So lately there’s been all this stuff everywhere about people who would vote for Rick Perry being in a cult.
Sorry. The issue at hand is whether Mormonism is a cult. My mistake.
The best man at my wedding, Keith, was a Mormon. I loved that guy. Keith was my best/only friend all through high school. I missed him terribly when he went on his mission trip to France. France! The closest I’d ever been to France was being rude while ordering french fries.
I don’t know if on his mission trip Keith converted any French people to Mormonism. Probably not. The French are a pretty fashionable people. And I think while there Keith still had to wear that Mormon missionary outfit so favored by guys who’ve come to your office to fix the copy machine.
Then again, uber-geek fashion was a bit of the rage back when, like, Talking Heads were first popping. So who knows? Maybe the French thought Keith was an ultra-chic representative of Le’ House of Dork.
I dunno. I know Keith’s extremely lovely family never tried to convert me. Ever. I think they were afraid I might become a Mormom. I think they used to coach Keith on what to say to make sure I was never tempted to become a Mormon.
“Read to him that part from The Book of Mormon about the magic stones,” I imagine them telling him. “Tell him about the crazy underwear we wear. That should do it.”
If that was their plan, it worked. I loved Keith. But I was about to become a Mormon like I was about to become an Eagle Scout. Which Keith also was.
How Keith and I ever got to be best friends is beyond me. Well, it’s not, really. Keith was easily the funniest person I’ve ever met. So that’s why.
Keith’s parents had seriously mixed feelings about me. On the one hand, they were happy their decidedly nerdy son had a friend from high school. On the other hand, that friend was me. I came from a home not just broken, but shattered. I smoked cigarettes. I smoked weed. I drank. I seemed to have a million girlfriends. I drove a car you could hear coming from blocks away. I looked like the cover shot from Every Mother’s Nightmare magazine.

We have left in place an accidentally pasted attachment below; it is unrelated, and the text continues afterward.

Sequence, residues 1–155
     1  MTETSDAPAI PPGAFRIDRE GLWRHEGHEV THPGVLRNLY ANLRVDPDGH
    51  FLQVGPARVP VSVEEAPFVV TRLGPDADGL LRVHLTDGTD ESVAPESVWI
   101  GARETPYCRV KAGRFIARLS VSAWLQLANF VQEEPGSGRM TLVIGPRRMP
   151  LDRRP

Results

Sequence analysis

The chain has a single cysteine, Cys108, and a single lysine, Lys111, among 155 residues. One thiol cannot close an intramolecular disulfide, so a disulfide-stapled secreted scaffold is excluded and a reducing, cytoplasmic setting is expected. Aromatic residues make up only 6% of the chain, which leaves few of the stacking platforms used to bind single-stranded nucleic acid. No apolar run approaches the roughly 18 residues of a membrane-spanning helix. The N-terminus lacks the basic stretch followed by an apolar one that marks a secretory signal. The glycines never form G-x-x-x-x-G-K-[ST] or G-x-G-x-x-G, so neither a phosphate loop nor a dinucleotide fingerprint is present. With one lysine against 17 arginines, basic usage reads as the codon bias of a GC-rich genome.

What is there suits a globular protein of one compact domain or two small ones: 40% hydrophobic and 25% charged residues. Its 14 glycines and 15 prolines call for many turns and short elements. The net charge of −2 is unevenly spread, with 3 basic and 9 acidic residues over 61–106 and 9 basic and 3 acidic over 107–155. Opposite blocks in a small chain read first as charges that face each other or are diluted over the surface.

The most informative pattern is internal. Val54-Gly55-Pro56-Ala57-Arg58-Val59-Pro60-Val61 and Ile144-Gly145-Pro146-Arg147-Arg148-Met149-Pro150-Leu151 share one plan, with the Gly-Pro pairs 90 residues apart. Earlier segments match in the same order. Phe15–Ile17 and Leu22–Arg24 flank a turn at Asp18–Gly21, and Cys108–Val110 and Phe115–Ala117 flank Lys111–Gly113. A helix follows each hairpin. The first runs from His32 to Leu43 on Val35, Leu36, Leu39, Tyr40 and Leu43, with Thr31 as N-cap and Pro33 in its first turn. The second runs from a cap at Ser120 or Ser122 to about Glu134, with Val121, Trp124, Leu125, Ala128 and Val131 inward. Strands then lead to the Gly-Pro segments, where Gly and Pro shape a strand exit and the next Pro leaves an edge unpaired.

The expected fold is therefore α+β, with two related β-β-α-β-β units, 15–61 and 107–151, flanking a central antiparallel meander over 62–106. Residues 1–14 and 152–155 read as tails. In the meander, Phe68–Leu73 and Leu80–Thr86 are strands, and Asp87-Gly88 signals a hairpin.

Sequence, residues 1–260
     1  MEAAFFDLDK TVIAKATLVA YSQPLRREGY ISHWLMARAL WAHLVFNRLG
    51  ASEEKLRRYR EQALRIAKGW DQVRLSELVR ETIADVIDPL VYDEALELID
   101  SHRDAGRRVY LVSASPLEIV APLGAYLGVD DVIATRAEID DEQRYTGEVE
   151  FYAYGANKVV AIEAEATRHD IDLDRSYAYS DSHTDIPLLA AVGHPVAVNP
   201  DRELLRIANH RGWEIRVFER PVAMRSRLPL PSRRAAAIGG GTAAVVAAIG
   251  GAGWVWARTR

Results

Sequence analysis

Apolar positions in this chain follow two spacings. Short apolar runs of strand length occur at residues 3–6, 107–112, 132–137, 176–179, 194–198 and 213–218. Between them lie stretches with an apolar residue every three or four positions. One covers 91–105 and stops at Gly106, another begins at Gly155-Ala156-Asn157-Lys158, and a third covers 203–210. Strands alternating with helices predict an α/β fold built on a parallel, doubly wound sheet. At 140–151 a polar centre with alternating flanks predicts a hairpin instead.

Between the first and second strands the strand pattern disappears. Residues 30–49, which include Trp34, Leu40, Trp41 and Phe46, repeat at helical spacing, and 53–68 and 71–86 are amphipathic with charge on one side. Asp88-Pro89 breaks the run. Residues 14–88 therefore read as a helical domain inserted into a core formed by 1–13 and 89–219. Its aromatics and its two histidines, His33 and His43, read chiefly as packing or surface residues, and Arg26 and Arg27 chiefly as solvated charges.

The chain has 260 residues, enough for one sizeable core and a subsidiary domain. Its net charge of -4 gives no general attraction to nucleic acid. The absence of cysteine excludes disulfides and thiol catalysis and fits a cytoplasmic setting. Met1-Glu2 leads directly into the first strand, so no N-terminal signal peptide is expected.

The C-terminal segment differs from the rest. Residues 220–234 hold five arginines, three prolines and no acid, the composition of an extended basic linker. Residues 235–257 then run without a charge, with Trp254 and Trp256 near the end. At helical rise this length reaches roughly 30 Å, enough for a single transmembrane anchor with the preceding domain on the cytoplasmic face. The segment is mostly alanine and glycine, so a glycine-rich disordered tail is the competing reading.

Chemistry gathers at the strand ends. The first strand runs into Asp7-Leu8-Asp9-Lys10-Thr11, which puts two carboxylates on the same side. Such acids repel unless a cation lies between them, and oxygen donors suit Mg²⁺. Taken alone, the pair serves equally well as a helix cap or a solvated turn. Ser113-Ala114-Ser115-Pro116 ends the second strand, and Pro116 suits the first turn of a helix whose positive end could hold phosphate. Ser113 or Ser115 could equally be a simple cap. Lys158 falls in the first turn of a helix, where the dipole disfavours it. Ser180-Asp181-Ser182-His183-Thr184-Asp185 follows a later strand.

Keith was their eldest son, of five kids. In high school he was already taking college classes. I barely attended our high school. On the first day of my senior year of high school, I saw this small, skinny kid, a freshman or sophomore, pretty upset because he couldn’t get his locker to work.
My locker was just a couple down from his. “Here,” I told the kid. “You can have my locker. It’s fine. It’s yours.” I gave him the combo to my locker, and then tossed my books in some bushes right beside the lockers.
That was my new locker. Bushes. Until I left high school six months later, that’s what I actually used for my locker. And they’d water those bushes. I’d show up to math class, and my book would be all wrinkled, and wet, and dirty, with little branches and leaves stuck all over it. And slugs. Seriously. Baby slugs. Who apparently strived for a better life.
Meanwhile, Keith was already deciding which college scholarships to take.
One time, when I was having Thanksgiving dinner at Keith’s house, I looked around the table, and saw the happiest, healthiest, most loving family I’d ever even imaged could exist. They actually liked each other. And I knew this family. I knew how good they were. I knew how much their religion meant to them. They didn’t talk much about Mormonism, but they sure lived it. In an emergency, theirs was the house you wanted to go to, for sure. Their dad, like, built their house. And their Mom made June Cleaver look like a drunk prostitute. Their whole family was amazing.
Maybe Mormonism is a cult. I don’t know. (Well, I do: it’s not.) All I know is that when I was a kid, it was a Mormon family who showed me what a real family, operating at maximum capacity, looks like. It was the first time I’d ever seen that. And I can’t say I’ve seen it that often since.